The Evolution of Chinese Filiality
Insights from the Neurosciences
- Available for pre-order. Item will ship after February 18, 2022
This unique book brings a fresh interdisciplinary approach to the analysis of ancient Chinese history, creating a historical model for the emergence of cultural mainstays by applying recent dramatic findings in the fields of neuroscience and cultural evolution.
The centrality in Chinese culture of a deep reverence for the lives of preceding generations, filial piety, is conventionally attributed to Confucius (551-479 B.C.), who viewed hierarchical family relations as foundational for social order. Here, Porter argues that Confucian conceptions of filiality themselves evolved from a systemized set of behaviors and thoughts, a mental structure, which descended from a specific Neolithic mindset, and that this psychological structure was contoured by particular emotional conditions experienced by China’s earliest farmers. Using case study analysis from Neolithic sky observers to the dynastic cultures of the Shang and Western Zhou, the book shows how filial piety evolved as a structure of feeling, a legacy of a cultural predisposition toward particular moods and emotions that were inherited from the ancestral past. Porter also brings new urgency to the topic of ecological grief, linking the distress central to the evolution of the filial structure to its catalyst in an environmental crisis.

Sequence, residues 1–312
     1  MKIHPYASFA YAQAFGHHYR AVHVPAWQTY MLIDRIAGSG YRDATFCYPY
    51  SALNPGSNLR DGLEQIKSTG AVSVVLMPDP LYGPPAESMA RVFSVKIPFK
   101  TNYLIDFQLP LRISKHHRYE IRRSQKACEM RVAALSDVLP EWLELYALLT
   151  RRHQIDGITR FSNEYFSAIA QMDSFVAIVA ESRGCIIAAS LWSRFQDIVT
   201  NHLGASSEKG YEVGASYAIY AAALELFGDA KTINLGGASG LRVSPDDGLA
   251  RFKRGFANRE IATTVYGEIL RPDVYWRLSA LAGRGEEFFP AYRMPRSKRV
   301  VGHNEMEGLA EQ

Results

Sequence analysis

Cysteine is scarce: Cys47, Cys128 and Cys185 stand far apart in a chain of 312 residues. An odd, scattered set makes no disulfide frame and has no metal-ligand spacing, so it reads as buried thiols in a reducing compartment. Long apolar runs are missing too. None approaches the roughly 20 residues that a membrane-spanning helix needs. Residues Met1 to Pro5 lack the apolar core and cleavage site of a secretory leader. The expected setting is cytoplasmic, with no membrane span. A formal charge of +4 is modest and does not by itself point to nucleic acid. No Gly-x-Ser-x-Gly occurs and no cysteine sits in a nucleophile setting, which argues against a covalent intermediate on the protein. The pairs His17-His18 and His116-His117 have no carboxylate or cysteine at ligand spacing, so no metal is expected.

With a blended multidisciplinary approach combining social neuroscience, cultural evolution, cognitive archaeology and historical analysis, this book is ideal for students and researchers in neuropsychology, religion, and Chinese culture and history.
Table of Contents
1. Introduction 2. SEEKING a Chinese Filial Mind Module 3. The Evolution of a Chinese Nervous System 4. Ecological Inheritance, Prestige and the Evolution of a Chinese Leadership Mindset 5. The Deep History of the Western Zhou Ritual Reform 6. Neurohistory, Filiality and Historical Change in China
Deborah Porter is Professor of Global Studies at the Jackson School of International Studies. Her interdisciplinary research on the impact of shameful secrets on cultural production spans a wide swath of time and geography, including Early China, and fifteenth and sixteenth century Western Europe, Russia and Korea.